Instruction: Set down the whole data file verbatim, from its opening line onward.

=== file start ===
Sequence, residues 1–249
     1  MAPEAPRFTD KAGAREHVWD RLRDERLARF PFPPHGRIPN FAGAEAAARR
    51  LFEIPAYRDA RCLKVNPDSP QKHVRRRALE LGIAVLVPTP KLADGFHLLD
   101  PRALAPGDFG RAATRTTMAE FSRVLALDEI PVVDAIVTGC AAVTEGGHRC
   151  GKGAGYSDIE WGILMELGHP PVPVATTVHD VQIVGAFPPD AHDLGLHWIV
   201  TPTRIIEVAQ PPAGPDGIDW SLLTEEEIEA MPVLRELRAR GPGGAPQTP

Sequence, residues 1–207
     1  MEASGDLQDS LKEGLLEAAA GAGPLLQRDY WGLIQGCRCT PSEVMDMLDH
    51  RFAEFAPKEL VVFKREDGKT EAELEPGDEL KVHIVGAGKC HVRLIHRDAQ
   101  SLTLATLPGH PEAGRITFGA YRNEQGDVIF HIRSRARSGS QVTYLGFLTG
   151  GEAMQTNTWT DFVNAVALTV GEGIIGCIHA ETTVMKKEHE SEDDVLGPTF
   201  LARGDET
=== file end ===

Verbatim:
Sequence, residues 1–249
     1  MAPEAPRFTD KAGAREHVWD RLRDERLARF PFPPHGRIPN FAGAEAAARR
    51  LFEIPAYRDA RCLKVNPDSP QKHVRRRALE LGIAVLVPTP KLADGFHLLD
   101  PRALAPGDFG RAATRTTMAE FSRVLALDEI PVVDAIVTGC AAVTEGGHRC
   151  GKGAGYSDIE WGILMELGHP PVPVATTVHD VQIVGAFPPD AHDLGLHWIV
   201  TPTRIIEVAQ PPAGPDGIDW SLLTEEEIEA MPVLRELRAR GPGGAPQTP

Sequence, residues 1–207
     1  MEASGDLQDS LKEGLLEAAA GAGPLLQRDY WGLIQGCRCT PSEVMDMLDH
    51  RFAEFAPKEL VVFKREDGKT EAELEPGDEL KVHIVGAGKC HVRLIHRDAQ
   101  SLTLATLPGH PEAGRITFGA YRNEQGDVIF HIRSRARSGS QVTYLGFLTG
   151  GEAMQTNTWT DFVNAVALTV GEGIIGCIHA ETTVMKKEHE SEDDVLGPTF
   201  LARGDET